Judy Armstrong reviews a well-built back with a raincover and useful pocket options.
This review is part of our women’s day packs gear guide, and was first published in the July 2018 issue of The Great Outdoors.
- Weights: from my digital scales, brands’ weights in brackets
- Test load: 3.5kg up to 30 litres, 6kg 30+ litres
I am a big fan of Vaude’s dedicated ski touring rucksack, Nendaz, so was keen to test this hiking model. Yes, it has an air gap but Maremma has a mesh panel that is adjustable in tension and therefore location (Aerolex Easy Adjust suspension system), allowing it to relax against the rucksack’s back panel. This is good in theory but in reality makes no difference: the back is fixed into a fairly deep curve, so while the mesh panel can move fractionally, the curve doesn’t. This results in the same issue as with any ‘bouncy back’: the load is held at a distance from the wearer. The gap is large: a fist fits between my back and the pack.
The sensation is of the load being levered out from the top of the pack, which I find unbalancing (on any air-gap pack, not just this one). Maremma has a shorter-than- average back length so to get the top tension straps in the right place to hold the load off my shoulders, the hipbelt is around my waist. With the belt on my hips the top straps are far enough down to be effectively useless – and I’m only 5ft 2in. The hipbelt is soft foam with a whale-shaped cut-out so, particularly on the waist, the lower section deforms into a crease or fold. In terms of weight bearing, it is of minimal benefit.
Maremma is well made, though, with a detachable rain cover (zipped into the base) that fits neatly (not a one-size-fits-all). There is a plethora of external pockets: a roomy top space, two long zipped pockets on the side with darts (not bellows) suitable for slim items, a low- volume front pocket with side zip access. A compact camera-/phone-sized pocket is useful on the hipbelt. The sternum strap slides smoothly for height adjustment. A water bladder can rest in an internal pouch, with a right-side exit, the tube slotting through small loops on the shoulder straps.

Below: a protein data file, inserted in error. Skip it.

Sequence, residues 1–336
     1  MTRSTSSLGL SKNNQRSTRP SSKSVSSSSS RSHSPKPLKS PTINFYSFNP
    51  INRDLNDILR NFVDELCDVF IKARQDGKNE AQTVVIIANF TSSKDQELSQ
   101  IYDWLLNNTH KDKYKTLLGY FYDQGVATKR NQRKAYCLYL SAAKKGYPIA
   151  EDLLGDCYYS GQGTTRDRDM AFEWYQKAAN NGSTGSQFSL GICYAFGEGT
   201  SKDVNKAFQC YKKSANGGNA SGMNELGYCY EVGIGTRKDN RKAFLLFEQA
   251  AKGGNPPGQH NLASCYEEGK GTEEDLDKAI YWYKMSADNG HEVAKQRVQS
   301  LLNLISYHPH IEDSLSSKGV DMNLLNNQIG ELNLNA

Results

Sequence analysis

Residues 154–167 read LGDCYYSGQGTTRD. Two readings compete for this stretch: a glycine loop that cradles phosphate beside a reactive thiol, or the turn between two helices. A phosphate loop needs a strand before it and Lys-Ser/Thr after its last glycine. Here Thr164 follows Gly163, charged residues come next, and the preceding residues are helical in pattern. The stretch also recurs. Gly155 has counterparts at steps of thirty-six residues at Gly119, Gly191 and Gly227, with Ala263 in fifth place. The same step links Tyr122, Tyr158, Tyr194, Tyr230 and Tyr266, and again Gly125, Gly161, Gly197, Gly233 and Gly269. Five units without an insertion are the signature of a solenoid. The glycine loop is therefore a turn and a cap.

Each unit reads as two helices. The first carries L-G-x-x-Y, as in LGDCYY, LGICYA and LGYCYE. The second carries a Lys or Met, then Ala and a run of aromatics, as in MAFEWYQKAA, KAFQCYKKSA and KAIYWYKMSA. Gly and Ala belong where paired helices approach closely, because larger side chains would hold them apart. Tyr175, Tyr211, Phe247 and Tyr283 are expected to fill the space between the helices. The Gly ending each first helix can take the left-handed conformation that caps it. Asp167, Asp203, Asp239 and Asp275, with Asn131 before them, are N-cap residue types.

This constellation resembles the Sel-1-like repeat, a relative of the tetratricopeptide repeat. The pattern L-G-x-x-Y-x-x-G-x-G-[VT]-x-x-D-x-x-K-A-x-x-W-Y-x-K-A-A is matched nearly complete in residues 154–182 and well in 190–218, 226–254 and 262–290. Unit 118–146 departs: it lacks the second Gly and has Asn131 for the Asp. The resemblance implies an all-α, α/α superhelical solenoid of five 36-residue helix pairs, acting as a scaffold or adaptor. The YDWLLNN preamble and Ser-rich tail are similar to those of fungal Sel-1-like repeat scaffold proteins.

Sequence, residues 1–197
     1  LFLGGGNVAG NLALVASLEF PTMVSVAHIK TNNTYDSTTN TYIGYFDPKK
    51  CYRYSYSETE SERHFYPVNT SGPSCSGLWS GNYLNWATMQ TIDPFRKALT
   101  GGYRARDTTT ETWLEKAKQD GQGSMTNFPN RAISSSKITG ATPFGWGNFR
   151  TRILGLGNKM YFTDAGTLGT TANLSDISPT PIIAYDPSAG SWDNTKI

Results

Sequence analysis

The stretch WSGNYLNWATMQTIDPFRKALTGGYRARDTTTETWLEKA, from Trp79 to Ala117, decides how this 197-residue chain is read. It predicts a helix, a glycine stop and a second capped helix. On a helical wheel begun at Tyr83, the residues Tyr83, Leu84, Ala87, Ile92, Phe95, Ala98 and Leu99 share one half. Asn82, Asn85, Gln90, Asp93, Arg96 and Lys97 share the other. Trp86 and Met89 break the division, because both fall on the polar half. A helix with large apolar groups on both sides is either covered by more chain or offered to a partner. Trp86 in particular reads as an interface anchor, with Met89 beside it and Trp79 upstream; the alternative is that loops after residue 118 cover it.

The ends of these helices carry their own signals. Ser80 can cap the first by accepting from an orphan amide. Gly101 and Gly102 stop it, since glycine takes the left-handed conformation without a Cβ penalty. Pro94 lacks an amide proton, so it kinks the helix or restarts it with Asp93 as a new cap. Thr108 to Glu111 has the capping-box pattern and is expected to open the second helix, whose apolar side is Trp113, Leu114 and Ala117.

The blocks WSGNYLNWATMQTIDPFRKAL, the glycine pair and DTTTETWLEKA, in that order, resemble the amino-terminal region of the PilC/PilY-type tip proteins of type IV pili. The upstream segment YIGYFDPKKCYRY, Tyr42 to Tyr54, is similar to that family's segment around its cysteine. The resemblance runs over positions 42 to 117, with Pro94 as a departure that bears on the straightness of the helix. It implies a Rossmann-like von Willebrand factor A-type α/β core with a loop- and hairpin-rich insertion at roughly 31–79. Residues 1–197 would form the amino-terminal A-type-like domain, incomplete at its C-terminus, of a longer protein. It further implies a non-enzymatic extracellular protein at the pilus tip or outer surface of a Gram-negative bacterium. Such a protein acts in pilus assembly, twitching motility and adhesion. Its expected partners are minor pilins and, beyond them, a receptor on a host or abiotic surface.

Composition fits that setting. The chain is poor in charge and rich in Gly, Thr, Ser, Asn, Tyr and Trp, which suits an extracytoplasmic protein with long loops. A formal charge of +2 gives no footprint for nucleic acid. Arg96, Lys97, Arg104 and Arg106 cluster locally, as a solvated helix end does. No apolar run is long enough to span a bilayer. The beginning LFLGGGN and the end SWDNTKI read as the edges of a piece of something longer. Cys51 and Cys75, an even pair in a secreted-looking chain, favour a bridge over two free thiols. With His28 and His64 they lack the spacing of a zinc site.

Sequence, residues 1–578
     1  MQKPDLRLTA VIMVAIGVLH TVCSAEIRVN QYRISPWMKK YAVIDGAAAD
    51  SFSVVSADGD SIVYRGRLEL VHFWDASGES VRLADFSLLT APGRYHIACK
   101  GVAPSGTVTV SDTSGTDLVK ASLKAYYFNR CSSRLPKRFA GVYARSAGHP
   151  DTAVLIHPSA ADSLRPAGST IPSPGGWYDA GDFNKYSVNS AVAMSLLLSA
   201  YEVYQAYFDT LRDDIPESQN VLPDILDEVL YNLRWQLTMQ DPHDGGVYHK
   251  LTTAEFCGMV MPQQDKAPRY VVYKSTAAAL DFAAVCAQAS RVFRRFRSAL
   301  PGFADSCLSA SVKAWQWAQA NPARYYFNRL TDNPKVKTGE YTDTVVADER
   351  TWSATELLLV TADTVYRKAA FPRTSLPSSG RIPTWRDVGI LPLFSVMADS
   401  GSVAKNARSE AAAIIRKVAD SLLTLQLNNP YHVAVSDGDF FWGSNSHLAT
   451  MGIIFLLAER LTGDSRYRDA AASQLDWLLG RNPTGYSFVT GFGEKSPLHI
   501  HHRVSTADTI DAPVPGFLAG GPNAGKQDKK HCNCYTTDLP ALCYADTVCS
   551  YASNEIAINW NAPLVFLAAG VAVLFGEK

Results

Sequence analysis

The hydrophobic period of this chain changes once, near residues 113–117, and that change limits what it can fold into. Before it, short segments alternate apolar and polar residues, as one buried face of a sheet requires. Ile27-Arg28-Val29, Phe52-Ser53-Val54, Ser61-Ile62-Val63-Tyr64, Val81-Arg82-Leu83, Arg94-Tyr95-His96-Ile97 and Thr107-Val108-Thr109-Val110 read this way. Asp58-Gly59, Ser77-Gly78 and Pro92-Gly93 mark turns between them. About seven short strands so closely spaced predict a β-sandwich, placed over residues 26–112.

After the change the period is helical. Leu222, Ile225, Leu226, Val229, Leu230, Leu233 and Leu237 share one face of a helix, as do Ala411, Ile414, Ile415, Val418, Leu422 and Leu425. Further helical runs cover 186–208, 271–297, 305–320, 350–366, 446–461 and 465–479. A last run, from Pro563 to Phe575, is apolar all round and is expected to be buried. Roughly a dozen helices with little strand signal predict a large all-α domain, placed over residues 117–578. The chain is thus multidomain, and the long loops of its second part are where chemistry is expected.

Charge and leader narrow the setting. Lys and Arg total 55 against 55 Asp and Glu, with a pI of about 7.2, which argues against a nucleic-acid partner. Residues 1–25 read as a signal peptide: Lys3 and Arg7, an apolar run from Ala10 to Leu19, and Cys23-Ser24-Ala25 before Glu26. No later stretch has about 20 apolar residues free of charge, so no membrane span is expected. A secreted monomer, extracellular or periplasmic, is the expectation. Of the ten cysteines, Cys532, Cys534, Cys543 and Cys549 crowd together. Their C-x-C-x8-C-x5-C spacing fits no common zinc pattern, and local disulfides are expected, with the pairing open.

If you need a short back length, like air-gap packs and don’t plan to carry a load in excess of 4kg, you’d be fine with Maremma. Otherwise, it’s unlikely to be your optimal choice. To be honest, I prefer carrying the Women’s Nendaz 24 / 25 for men (although with the internal backing sheet removed for hiking).
Pros: construction quality, rain cover, hydration pouch, pockets
Cons: air gap, hipbelt, low-volume side pockets
- Price: £90
- Weight: 990g (1030g)
- Volume: 26 litres
- Access: lid, two straps/buckles, internal drawcord
- Men's: Brenta 25